29. Kevin Hogan
Kevin Hogan got his lone start during the 2017 season after making a couple appearances as a fifth-round rookie in 2016, and it was another one of those “not quite so bad that it’s funny, but certainly pretty bad” games.
He actually threw a touchdown (but all credit goes to Seth DeValve for the tough catch on the fade. Remember Seth DeValve?) but that doesn’t erase the 20-of-37 passing, 140 yards or 3 interceptions he put up.
This was also the first time Deshaun Watson ever played against the Browns. He got to see first-hand how much we needed him.
28. DeShone Kizer
I'm not gonna lie, I was pretty excited about DeShone Kizer. An exciting young second-round quarterback stepping into an offense with who I thought would be a future star wide receiver in Corey Coleman? And we had Duke Johnson and David Njoku, plus Josh Gordon even played a few games?
Well in retrospect, Kizer's support cast was awful, but that doesn't excuse how he played.
Kizer threw an NFL-leading 22 interceptions to go with just 11 touchdowns, leading the Browns to an 0-15 record in his 15 starts. He missed one game (the Kevin Hogan start), and the Browns finished the year going 0-16.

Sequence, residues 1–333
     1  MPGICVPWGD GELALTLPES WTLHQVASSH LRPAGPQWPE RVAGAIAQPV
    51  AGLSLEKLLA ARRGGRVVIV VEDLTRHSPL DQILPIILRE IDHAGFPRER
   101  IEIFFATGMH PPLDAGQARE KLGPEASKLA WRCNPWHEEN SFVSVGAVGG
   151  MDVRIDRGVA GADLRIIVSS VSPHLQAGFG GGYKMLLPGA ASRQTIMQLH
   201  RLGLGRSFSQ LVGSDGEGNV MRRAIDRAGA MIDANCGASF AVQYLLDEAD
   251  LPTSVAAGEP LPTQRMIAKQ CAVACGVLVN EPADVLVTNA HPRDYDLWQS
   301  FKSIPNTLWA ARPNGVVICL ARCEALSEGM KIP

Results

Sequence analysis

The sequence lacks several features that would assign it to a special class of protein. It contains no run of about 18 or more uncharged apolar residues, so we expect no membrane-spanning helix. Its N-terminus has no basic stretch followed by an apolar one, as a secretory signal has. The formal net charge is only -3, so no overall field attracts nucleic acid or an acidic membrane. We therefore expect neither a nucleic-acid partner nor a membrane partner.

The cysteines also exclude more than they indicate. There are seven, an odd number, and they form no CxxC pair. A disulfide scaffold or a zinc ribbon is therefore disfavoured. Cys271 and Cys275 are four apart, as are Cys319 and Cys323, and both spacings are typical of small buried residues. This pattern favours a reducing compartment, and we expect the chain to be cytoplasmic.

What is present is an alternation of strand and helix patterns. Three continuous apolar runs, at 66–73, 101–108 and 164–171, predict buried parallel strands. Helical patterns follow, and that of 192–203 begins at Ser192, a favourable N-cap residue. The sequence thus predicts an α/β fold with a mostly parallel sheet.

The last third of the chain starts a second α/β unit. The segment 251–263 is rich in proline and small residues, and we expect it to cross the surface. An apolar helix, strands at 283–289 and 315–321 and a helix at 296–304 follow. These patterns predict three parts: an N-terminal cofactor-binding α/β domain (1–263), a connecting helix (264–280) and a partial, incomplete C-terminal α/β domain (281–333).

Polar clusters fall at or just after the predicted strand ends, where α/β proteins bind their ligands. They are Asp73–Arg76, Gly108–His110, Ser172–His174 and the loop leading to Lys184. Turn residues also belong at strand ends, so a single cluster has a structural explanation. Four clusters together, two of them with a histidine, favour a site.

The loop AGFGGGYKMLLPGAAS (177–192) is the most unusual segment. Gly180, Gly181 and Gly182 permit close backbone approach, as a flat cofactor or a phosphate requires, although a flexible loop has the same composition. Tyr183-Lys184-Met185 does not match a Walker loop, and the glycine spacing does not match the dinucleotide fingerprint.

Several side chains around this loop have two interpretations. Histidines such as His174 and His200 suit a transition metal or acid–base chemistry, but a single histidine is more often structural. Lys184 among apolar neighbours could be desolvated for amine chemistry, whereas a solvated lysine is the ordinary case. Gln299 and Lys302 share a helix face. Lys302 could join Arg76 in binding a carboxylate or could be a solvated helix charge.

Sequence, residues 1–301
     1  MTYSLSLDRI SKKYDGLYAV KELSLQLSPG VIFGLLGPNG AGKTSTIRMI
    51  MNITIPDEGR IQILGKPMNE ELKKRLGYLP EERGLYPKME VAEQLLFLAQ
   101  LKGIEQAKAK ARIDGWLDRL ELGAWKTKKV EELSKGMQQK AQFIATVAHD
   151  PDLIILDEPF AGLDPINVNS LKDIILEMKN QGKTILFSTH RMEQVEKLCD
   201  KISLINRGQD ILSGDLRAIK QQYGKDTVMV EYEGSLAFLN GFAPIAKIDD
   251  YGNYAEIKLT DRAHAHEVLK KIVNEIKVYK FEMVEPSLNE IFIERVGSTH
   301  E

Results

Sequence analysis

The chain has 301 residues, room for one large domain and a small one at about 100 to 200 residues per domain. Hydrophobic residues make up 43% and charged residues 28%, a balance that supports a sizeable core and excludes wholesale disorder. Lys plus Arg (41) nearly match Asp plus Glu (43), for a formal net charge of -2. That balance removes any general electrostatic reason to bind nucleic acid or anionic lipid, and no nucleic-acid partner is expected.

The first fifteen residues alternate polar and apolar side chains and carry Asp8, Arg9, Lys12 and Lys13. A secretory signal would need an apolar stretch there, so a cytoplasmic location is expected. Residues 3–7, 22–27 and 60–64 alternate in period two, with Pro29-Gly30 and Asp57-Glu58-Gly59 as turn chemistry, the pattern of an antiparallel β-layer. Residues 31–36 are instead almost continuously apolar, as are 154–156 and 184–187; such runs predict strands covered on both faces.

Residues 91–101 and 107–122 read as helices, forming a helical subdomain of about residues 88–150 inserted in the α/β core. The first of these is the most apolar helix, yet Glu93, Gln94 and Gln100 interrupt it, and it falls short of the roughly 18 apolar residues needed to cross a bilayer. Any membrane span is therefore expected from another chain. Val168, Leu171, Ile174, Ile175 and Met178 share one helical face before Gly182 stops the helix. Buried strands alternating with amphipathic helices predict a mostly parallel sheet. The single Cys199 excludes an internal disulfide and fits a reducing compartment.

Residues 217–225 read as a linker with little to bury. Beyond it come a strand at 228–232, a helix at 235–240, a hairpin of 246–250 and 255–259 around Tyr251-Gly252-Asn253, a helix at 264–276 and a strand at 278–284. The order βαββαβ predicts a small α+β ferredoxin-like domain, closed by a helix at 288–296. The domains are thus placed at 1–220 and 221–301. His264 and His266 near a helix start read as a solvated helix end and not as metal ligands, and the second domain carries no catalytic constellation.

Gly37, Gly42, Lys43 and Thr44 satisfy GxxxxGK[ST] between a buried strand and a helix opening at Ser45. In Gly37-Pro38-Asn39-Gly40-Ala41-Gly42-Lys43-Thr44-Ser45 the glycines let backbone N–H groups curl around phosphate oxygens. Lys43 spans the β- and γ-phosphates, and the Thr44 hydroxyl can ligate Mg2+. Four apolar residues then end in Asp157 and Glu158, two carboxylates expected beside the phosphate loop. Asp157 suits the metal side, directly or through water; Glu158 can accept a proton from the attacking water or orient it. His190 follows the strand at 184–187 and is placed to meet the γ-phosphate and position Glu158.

It's pretty telling that even as a former second-round pick, Kizer wasn't able to stick on any NFL rosters as a long-term backup. The best thing to be said for that season is it got us the No. 1 overall pick.
27. Doug Pederson
The same football mind that has made Doug Pederson a great head coach also made him a valuable backup throughout his 10-year NFL career. That football IQ wasn't enough to shine through when he did get a chance to prove himself on the field though.
The Browns went 1-7 through Pederson’s eight starts in the 2000 season, and while I don’t like to put win-loss records entirely on QBs, he definitely played a big role in that record.
Peterson completed 55.7% of his passes (actually slightly above his career-average of 54.8%), but he averaged just 95.2 yards per game, throwing 2 touchdowns and 8 interceptions.
Posting those numbers now may well have put him closer to the bottom of this list, but we do have to account for the fact that it was a different game back then. Eight qualifying passers had interception rates over 4.0% in 2000, for example, compared to zero in the 2022 season.